Category Archives: ESS

ESS Profile Airsoft Strafed with a Strafer

ESS  Profile Airsoft w/ Cortex Clip Strafed

The ultimate test of a protective eyewear for airsoft is to abuse it with a lot of BBs. Tim Ellwood highly recommends using the ESS Profile Airsoft with Cortex Clip as it will take a lot of punishment and still would give you that protection that you need. To prove his point, he didn’t use not just any AEG but the Strafer beast that spits out 175 bbs at 350 fps and used .25g bbs to even make matters worse.

Read the rest of the story here. Above is the photo of the victim and below is the photo of culprit. Nice work Tim!

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Filed under ESS, Goggles, News, No Airsoft for Old Men, Strafer

Why I only use ESS Goggles.

The staff, training facilitators, marketing dept, interns and owners of NAFOM 
only use ESS goggles
And here is why.
Last January, before the epic trip to Las Vegas for my 24th SHOT show began, we did a little testing in Texas.
Using a 350 fps Strafer
Now this little beasty puts out 175 .25G 6mm airsoft bb’s per second
(Yes, everyone should own one, get yours at
    So, we placed a set of the new (at that time) ESS  Profile Airsoft w/ Cortex Clip 
on to a poor, defenseless, Styrofoam head  that we just happened to have laying around 
(don’t ask)
Here are some pictures after unloading 400 rds into the Goggles
 Before, nice clean goggles
 After, 400 rds, I would say at least 200 hit the goggles, goggles were about 15 ft from the muzzle.
Nothing got thru, not one, this was impressive.
 Lots of marks, 
I would replace the lens before using them again,
but not one bb made it through.

Mr Foam Head gave his life for this test
I, for one would like to thank him for his sacrifice.
I think now you can see why I only use ESS, 
I don’t have anyone to pay my medical bills but me, if I use inferior goggles and I get hurt.
You can’t replace a lost eye, when people chose to use untested or cheap goggles they are showing a deep disrespect for the other players on the field along with putting themselves at risk.
Go to the ESS website and check them out for yourself.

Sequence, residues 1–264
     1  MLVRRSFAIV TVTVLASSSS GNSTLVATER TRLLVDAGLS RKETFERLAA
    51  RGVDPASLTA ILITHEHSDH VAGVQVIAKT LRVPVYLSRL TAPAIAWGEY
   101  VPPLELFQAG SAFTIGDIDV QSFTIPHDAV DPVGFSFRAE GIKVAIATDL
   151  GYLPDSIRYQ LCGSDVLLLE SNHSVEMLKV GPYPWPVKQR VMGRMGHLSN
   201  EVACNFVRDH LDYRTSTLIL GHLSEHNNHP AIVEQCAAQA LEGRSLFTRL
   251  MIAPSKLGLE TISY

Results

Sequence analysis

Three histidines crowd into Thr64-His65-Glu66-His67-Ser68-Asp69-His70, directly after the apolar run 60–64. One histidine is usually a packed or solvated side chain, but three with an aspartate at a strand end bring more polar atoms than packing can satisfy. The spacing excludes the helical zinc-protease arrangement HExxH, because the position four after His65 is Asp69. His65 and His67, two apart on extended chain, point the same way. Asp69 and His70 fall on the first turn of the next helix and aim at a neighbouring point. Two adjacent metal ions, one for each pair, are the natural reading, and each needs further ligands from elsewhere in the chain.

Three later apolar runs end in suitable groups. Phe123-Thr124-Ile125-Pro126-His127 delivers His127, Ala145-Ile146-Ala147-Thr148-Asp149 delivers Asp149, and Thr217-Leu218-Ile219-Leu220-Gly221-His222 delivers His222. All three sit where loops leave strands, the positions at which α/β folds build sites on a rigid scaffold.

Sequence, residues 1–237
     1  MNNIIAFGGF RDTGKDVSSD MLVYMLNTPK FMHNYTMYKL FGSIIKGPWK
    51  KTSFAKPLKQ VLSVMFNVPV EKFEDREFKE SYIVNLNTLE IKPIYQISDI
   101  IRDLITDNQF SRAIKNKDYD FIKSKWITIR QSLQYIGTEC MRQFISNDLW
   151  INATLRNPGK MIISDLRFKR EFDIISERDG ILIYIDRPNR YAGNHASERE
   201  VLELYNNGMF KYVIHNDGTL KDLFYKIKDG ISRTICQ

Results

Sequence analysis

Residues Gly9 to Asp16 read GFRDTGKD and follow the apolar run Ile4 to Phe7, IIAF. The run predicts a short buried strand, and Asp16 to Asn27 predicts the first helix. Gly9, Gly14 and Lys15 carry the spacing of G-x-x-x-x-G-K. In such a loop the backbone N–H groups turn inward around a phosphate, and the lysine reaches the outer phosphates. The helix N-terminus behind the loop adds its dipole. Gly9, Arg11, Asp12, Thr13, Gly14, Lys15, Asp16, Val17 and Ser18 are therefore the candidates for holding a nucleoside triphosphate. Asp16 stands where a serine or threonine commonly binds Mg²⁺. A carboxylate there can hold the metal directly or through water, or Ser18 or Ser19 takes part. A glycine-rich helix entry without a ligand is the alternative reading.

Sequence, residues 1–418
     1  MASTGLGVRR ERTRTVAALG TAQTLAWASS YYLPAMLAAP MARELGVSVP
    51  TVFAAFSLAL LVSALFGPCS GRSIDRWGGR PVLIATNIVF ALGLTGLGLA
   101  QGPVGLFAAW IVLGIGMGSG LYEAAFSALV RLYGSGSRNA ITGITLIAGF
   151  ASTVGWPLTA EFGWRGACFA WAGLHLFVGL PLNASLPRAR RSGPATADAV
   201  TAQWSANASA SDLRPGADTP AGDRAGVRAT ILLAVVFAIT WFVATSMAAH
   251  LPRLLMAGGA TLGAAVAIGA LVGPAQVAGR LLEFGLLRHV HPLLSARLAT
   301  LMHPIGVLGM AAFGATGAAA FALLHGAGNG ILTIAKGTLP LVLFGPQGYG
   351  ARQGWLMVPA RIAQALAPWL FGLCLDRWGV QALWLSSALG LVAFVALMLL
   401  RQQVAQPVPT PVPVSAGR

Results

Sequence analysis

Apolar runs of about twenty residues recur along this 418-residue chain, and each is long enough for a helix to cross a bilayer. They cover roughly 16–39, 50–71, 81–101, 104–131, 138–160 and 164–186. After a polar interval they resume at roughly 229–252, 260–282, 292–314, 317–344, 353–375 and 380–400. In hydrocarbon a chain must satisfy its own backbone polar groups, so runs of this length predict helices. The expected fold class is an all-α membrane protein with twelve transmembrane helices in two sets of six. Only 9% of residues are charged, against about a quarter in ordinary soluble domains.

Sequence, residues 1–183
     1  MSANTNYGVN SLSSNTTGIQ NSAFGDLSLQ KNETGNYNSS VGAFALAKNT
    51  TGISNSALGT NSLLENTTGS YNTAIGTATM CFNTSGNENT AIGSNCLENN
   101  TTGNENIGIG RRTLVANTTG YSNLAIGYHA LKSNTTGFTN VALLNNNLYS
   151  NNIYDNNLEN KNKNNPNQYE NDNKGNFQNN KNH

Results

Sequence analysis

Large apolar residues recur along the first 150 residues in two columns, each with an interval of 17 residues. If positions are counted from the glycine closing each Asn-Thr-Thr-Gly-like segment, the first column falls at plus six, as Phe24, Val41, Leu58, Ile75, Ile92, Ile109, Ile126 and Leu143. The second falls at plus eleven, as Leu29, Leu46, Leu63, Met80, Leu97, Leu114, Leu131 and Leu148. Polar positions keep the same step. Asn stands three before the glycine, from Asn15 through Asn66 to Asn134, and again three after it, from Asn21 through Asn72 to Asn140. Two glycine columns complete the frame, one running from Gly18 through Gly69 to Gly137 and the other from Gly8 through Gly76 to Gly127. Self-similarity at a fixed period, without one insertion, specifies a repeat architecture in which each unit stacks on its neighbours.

This was not a paid review, the goggles were given to me by ESS for testing 
and I was told to publish what ever I found out about them. 
Good or bad.
All I found was good and I looked for something bad!
I will only use ESS for all my eyewear needs.
They are the only big name company that make specific goggles for the airsoft market.
They tested them and they did right by us airsofters.
They are also great guys, and that’s just icing on the cake and boy, do I love cake
Come to think of it, Mr Foam head looks like icing, were did I put that thing?
Bottom line, buy ESS Goggles if you care about being able to see after a head shot.
I have a video,  I will get it cut and added soon, 
hey, it only took me 11 months to get this posted, 
so I am doing good.
Many thanks to Sam at X Caliber Tactical for the Strafer, bb’s and back yard
and for putting up with an old man. 

As a side note, last year I was wearing a set of the ESS advancers while riding my front yard mower
(yes I have one for the front and one for the back, doesn’t everyone?)

I hit a huge rock
( yes, I had on safety eye wear, but was listening to dean martin on my ipod thingy so I was distracted.)
The rock chip ricocheted off the lawn edging and hit the right lens of my Advancers,
Cracked the lens, but had I been using a cheaper pair of glasses, or none at all, I would be  in a good position for using a pirate costume for Halloween each year from then on.
Like seat belts, you never know when they will save you.

I don’t always skirmish, but when I do, I only wear ESS
Till tomorrow
Stay Thirsty my Friends.
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Filed under ESS, Eyewear, Goggles, shooting glasses, Shot Show

Shhhhhh… ESS is introducing the Crossbow Suppressor (and we’ve already got a review for you.)

ESS Crossbow Suppressor